The Woman in Black
It’s always darkest before the dawn.” I’m not sure who said that, but by the end of this story, you’re awfully grateful for the refuge of daylight.
Based on the novel by Susan Hill, ‘The Woman in Black’ is a difficult narrative to take on, but in Stephen Malatratt’s stage version, it is superbly adapted to only require three actors. Arthur Kipps, played by an impressive Benjamin Stender, is a young solicitor assigned to travel to a remote village outside London to handle the affairs of the recently deceased Alice Drablow. Ian Burns gives a spectacular performance as almost all the other characters opposite Kipps, and then there is the infamous ‘woman in black’, who doesn’t speak throughout the entire production, yet her presence, needless to say, is the most formidable.
Set in the Edwardian era, the play begins with Stender and Burns doing what appears to be a casual ‘rehearsal’ of the play. We become familiar with their jovial relationship, run though the basics of the plot and even have a laugh or two. We then move onto business, so to speak, as the story takes on a very real form.
Kipps eventually arrives at the quiet yet somewhat unsettling town of Cryphin Gifford and is greeted with a cold reception by almost everyone he encounters. No-one wants anything to do with Kipps, and at every path he crosses, it becomes increasingly evident why.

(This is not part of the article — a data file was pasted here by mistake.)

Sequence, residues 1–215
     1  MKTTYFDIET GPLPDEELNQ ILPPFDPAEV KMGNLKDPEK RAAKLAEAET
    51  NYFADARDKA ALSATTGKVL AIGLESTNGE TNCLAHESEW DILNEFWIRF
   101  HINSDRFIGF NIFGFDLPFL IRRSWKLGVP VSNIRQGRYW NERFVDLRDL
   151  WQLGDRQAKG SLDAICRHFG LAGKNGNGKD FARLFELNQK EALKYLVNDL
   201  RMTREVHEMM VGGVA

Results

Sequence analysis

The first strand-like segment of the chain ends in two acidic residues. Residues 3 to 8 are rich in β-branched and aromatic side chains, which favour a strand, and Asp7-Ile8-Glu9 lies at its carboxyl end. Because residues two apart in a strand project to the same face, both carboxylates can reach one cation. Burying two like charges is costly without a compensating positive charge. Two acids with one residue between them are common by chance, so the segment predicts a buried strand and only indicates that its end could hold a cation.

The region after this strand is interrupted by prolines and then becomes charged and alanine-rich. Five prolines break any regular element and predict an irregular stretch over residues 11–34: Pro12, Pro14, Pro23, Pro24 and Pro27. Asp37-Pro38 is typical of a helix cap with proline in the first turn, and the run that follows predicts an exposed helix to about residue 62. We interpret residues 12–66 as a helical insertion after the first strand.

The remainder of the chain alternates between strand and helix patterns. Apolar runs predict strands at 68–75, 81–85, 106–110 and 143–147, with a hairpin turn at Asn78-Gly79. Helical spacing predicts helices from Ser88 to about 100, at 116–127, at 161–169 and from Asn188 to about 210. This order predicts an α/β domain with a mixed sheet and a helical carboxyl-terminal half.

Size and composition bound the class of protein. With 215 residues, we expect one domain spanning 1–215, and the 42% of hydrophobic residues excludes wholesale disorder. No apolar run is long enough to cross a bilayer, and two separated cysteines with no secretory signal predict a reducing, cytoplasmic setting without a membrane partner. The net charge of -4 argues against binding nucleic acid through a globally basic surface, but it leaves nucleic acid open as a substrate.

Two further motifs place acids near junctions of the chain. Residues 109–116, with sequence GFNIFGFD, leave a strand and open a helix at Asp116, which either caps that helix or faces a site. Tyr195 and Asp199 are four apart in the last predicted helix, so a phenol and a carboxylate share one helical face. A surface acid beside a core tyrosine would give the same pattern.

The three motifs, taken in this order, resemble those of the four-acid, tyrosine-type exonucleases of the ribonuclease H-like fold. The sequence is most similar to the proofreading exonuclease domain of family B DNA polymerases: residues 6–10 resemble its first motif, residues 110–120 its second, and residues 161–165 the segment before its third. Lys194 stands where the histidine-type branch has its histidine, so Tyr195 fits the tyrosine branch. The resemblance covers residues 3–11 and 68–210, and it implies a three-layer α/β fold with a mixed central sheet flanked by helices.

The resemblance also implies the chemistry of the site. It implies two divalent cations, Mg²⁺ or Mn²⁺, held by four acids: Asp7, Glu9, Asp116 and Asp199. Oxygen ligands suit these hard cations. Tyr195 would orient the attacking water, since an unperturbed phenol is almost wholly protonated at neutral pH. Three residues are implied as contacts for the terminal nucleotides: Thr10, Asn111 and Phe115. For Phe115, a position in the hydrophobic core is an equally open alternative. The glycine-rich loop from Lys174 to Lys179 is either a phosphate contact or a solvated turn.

Mrs Drablow’s estate rests outside the town in isolated marshlands that can only be reached at low tide. To make matters worse, there’s a heavy fog that quickly but silently creeps in, consuming the manor and imprisoning those who dwell inside.
Upon arrival Kipps quickly discovers that although the reclusive widow no longer lives, the home is still inhabited. The history of ‘The Woman in Black’ is slowly revealed during his disorientating visit to the estate on which he learns that the vengeful ghost cannot be escaped.
Under the guidance of director Barry McKenna, the gentlemen use mime to cleverly simulate characters and a large amount of the set. The stage as a simple black canvas allows you to construct your own version of horror, while the expressive use of lighting, temporary walls and secret doors make for thrilling surprises, in more ways than one.
At one point, we were in complete darkness as a torch darted frantically through the audience revealing dozens of terrified faces, one after the other. I couldn’t count how many times the hair stood up on the back of my neck.
The element of fear is difficult to instil in theatre, but this gripping production will take you to the dark corners of your mind – certainly places that you may not want to visit again.
The play is a classic and engaging interpretation of the trials and tribulations of spending an evening in a haunted house and holds everything quintessential to turn the blood cold including rattling locked doors, screams in the dark and things that lurk deep in the fog.